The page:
Kurt Opsahl of EFF has just announced that the restraining order on the MIT students has been lifted:
Today, Judge George O'Toole lifted the gag order on three MIT students who were sued by the Massachusetts Bay Transportation Authority for discovering a security vulnerability in the MBTA's fare payment system. The Court found that the MBTA was not likely to prevail on the merits of its claim under the federal Computer Fraud and Abuse Act. MBTA had argued that the CFAA, which prohibits the transmission of a program that causes damage to a computer, also covers "verbal transmission," such as talking to people at conferences. Judge O'Toole, however, looked closely at the statute, and held that the CFAA does not apply to security researchers like the students talking to people. More details to follow.
[Update: The MBTA had sought to convert the temporary restraining order into a preliminary injunction to last for five months, to give them time to fix the vulnerabilities -- here's the motion [PDF] -- and that was denied. It's worth reading, this motion, if only to see why this thing swirled out of logical bounds. One issue is that when the MBTA hears the word hacker, they seem to think it means cracker, and they viewed the DefCon conference as a meeting where people go to learn how to break in to other people's stuff, which naturally panicked them. And they seem to imagine that using Wireshark, which used to be called Ethereal, is "illegal activity", as you can read on page 25. Nor did they understand geek humor. Just a real culture clash, with misunderstandings that led to litigation that now seems to be resolvable, now that the MBTA's attorney says he wants to meet with the students, to learn more about their research findings.]
So the attempt to stretch the Computer Fraud and Abuse Act has failed. Please read the statute for yourself, and ask yourself: do you want talking about computers and security to become a crime punishable by fines and imprisonment and subject to FBI and Secret Service oversight? That's what almost just happened. You can find the documents in MBTA v. Anderson here. If you read the MBTA's complaint, you'll find the allegations of violations of the CFAA on page 12. I think you'll find the MBTA interpretation of the statute shocking ("... the damage constitutes a threat to public health and safety... affects a computer system used by a government entity for national security purposes..."). The research was about getting a ride on a subway for free. In any case, the judge didn't buy it, with respect to the restraining order.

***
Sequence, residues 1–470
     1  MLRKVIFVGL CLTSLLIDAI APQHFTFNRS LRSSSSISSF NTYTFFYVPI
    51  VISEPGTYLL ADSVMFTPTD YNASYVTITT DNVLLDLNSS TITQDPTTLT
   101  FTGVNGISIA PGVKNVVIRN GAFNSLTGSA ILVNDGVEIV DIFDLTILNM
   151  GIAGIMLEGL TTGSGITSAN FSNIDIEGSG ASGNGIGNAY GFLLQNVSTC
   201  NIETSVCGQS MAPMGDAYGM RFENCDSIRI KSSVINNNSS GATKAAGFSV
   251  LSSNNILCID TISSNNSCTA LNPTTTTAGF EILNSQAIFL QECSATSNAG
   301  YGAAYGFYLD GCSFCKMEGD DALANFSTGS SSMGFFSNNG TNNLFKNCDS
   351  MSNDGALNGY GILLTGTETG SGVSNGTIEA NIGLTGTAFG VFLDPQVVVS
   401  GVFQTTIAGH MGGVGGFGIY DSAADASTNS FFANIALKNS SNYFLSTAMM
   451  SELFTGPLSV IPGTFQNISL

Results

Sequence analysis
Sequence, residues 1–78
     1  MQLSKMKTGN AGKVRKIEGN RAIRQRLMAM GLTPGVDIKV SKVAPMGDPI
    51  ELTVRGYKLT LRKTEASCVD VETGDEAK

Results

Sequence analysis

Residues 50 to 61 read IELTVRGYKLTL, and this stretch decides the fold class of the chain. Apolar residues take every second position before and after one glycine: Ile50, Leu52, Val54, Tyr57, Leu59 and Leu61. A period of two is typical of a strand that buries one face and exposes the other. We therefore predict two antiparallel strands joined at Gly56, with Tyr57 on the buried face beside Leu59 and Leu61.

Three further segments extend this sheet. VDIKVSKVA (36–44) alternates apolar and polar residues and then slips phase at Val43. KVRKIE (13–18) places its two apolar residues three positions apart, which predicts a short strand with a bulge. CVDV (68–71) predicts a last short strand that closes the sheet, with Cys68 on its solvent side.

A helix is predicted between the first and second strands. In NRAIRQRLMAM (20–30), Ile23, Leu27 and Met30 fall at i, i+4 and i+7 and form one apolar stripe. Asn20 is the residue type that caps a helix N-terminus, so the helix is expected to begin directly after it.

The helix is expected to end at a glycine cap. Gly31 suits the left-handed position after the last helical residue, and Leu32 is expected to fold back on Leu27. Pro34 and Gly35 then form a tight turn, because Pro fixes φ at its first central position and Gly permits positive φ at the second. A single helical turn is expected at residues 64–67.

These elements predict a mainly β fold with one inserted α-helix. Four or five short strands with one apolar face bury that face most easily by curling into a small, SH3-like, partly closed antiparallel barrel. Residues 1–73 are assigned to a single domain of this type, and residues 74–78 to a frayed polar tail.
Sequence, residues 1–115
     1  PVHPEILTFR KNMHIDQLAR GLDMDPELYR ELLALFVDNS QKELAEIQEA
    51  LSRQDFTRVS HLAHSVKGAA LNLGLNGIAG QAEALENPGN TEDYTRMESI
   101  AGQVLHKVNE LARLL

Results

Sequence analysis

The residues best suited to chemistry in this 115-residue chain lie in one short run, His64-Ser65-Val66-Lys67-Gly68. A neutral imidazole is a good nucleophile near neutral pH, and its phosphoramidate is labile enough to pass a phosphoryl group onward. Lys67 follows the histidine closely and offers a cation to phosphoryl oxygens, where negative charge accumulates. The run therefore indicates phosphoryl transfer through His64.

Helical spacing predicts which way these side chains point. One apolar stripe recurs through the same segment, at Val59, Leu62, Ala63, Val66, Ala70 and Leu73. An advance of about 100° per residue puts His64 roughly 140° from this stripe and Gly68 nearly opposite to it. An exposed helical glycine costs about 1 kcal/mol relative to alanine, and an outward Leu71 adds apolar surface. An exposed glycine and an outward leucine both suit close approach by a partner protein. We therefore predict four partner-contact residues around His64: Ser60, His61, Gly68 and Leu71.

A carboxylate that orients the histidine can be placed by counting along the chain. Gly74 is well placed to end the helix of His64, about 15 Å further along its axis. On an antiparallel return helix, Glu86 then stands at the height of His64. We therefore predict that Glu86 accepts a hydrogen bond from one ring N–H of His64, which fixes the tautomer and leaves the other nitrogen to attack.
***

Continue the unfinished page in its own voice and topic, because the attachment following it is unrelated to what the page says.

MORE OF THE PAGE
I first notice that statute when SCO used it in a Memorandum in Opposition to IBM's Motion for Partial Summary Judgment on its Counterclaim for Copyright Infringement, when SCO alleged IBM had violated the statute by downloading software IBM itself authored from SCO's website. An expert on the statute, Jon Stanley, Esq., wrote an article for Groklaw explaining the statute in light of cases, and he pointed out the following:
Here is an example of how a violation might occur:
1. I access the internet pursuant to my Terms and Service Agreement with my ISP (that I agreed to but given that there are only 48 hours in a weekend, did not read]. This is the contractual instrument that allows my “access” to be “authorized”.
2. Then I violate this instrument’s conditions, and my access, is, at the very moment of the violation, “unauthorized”.
3. And since, given that I’m probably staring at the screen, I am therefore “obtaining”… (viewing) “information from a protected computer…”
4. In theory, we have, a violation of the CFAA.